Many dating site and app operators want to ensure the authenticity of the people signing up for their services because, unfortunately, a significant number of online daters have been catfished by scammers pretending to be someone they’re not. Dating platforms can help give users more peace of mind thanks to FindFace, a facial recognition software that can authenticate user photos and videos. Unlike similar software, FindFace can identify users in databases of thousands — or millions — of faces.
NtechLab & FindFace
in the media
As Russian cities go into lockdown to try to contain coronavirus, Moscow is using the latest technology to keep track of residents. City officials are using a giant network of tens of thousands of cameras — installed with facial recognition software — which they plan to couple with digital passes on people’s mobile phones. It’s prompted concern about whether such widespread surveillance will ever be rolled back.
The smart cameras bought by Moscow authorities from the NtechLab start-up company are capable of recognizing faces partially hidden under masks or headgear, a spokesperson for the company told TASS.
A vast and contentious network of facial recognition cameras keeping watch over Moscow is now playing a key role in the battle against the spread of the coronavirus in Russia.
Moscow is the latest major city to introduce live facial recognition cameras to its streets, with Mayor Sergei Sobyanin announcing that the technology is operating «on a mass scale» earlier this month, according to a report from Russian business paper Vedomosti. Moscow started trialing live facial recognition in 2017, using technology from Russian firm NtechLab to scan footage from the Russian capital’s network of 160,000 CCTV cameras.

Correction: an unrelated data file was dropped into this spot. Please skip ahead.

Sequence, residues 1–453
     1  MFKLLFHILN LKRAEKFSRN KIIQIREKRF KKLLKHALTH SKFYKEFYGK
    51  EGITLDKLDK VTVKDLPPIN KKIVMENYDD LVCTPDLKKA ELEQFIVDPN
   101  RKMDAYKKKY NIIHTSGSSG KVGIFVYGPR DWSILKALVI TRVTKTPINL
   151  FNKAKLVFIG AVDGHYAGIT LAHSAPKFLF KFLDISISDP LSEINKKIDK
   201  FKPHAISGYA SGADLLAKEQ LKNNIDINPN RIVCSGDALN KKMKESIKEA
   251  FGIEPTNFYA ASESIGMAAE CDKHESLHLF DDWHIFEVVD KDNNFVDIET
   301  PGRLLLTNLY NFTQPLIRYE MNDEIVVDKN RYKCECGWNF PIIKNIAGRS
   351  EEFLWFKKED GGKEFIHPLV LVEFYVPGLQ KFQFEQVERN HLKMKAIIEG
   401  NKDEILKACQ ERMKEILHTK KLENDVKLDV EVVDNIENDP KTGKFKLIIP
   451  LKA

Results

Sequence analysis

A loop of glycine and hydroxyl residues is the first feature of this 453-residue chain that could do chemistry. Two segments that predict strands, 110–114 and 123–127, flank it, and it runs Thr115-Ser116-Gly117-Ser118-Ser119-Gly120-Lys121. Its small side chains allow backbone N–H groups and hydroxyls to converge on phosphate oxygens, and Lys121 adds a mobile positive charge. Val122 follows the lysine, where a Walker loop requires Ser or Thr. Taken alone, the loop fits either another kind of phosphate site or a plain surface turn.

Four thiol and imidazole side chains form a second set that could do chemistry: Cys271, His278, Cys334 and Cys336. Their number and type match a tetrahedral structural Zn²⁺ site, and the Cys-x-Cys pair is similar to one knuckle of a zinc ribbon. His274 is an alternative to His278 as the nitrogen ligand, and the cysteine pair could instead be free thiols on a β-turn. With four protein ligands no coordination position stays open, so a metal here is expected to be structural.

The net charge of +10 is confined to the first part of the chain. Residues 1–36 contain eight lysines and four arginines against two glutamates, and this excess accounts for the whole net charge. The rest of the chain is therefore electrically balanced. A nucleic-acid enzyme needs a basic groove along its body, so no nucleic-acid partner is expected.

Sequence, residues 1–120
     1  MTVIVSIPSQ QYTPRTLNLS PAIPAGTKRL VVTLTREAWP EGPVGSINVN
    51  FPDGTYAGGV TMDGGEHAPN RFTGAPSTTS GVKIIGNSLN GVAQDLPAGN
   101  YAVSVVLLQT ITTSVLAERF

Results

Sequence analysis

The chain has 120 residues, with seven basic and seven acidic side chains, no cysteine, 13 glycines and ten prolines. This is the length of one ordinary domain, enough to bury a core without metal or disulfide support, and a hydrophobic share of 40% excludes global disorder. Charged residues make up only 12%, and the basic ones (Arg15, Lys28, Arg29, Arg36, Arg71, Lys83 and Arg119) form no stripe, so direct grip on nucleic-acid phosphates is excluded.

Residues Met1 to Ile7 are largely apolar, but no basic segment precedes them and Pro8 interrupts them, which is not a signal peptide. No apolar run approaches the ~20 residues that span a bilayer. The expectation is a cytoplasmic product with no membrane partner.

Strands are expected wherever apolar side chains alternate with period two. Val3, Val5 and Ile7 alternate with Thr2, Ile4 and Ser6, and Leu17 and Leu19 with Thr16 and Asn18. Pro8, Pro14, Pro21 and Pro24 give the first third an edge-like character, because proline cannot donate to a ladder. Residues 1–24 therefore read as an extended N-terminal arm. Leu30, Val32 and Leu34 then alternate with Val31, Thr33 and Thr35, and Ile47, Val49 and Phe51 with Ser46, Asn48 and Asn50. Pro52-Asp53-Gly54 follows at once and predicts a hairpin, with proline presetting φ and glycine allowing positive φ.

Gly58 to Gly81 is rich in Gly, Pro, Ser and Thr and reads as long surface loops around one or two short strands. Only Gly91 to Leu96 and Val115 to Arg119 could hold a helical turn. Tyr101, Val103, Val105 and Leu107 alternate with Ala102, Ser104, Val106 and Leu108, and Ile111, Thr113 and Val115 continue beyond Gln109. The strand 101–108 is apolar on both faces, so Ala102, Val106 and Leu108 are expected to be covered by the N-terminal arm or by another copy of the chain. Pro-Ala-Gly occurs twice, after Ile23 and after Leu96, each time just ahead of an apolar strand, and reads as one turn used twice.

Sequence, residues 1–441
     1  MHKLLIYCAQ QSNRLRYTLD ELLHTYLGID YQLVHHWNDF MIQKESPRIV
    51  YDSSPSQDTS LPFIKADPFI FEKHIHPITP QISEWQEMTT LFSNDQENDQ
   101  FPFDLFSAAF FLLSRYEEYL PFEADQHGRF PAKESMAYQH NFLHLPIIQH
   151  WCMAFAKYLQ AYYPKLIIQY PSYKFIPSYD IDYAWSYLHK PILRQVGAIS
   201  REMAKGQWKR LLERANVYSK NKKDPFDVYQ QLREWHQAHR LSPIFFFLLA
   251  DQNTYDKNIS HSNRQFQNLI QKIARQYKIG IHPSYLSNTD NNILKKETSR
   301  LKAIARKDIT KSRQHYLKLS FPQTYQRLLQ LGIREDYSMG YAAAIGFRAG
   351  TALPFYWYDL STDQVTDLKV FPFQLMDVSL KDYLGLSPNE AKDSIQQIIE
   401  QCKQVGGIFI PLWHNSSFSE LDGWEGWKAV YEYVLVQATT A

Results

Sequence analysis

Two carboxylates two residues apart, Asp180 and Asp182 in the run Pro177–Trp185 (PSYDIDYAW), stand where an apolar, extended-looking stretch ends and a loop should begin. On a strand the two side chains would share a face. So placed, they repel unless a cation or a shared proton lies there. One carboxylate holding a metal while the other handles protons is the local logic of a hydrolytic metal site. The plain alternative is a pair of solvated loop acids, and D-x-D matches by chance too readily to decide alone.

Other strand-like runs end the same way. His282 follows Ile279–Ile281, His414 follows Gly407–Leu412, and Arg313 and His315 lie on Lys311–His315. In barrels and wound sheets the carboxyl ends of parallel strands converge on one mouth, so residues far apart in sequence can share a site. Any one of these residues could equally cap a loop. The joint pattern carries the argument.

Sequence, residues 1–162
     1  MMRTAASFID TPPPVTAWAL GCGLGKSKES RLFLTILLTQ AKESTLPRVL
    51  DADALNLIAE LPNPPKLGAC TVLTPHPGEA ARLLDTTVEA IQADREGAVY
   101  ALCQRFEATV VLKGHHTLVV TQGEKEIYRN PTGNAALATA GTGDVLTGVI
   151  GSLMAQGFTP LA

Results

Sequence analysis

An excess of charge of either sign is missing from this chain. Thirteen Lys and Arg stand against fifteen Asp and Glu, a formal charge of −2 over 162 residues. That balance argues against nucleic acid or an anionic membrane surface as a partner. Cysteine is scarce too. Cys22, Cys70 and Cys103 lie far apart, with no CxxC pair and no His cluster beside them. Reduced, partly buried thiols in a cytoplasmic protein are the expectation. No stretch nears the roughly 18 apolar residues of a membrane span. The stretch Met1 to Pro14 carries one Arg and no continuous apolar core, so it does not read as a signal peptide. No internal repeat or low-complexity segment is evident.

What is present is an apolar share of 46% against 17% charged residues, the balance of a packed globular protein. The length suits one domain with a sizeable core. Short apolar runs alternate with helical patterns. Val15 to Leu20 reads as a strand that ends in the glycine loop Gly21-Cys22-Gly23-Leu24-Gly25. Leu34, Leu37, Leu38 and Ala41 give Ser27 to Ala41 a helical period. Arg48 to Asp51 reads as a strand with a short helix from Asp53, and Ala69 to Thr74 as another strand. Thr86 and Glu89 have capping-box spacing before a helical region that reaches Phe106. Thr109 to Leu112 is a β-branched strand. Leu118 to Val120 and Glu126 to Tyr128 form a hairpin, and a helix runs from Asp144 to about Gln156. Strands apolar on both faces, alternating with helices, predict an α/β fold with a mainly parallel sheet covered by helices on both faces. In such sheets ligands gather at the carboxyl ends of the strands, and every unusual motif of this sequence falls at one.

Built on several tens of thousands of cameras and what’s claimed to be one of the most advanced facial recognition systems on the planet, Moscow has been quietly switching on a massive surveillance project this month. The software that’s helping monitor all those faces is FindFace, the product of NtechLab, a company that some reports claimed would bring “an end to anonymity” with its FindFace app.
Rostelecom Group subsidiary Netris and NtechLab have agreed to a partnership to add face recognition to cameras deployed to Netris' smart city customers. NtechLab’s FindFace biometric algorithm is now up and running on 250 video streams from Tyumen city surveillance cameras.
Moscow already has more than 150,000 cameras monitoring its 12 million population. Now the authorities look to augment the monitoring systems with AI. These systems are aimed at identifying suspicious actions: someone very quickly waving his arms, running, grabbing an object that resembles a weapon. Moscow’s face recognition start-up Ntechlab is the frontrunner to deliver services to the mass surveillance programme that is underway.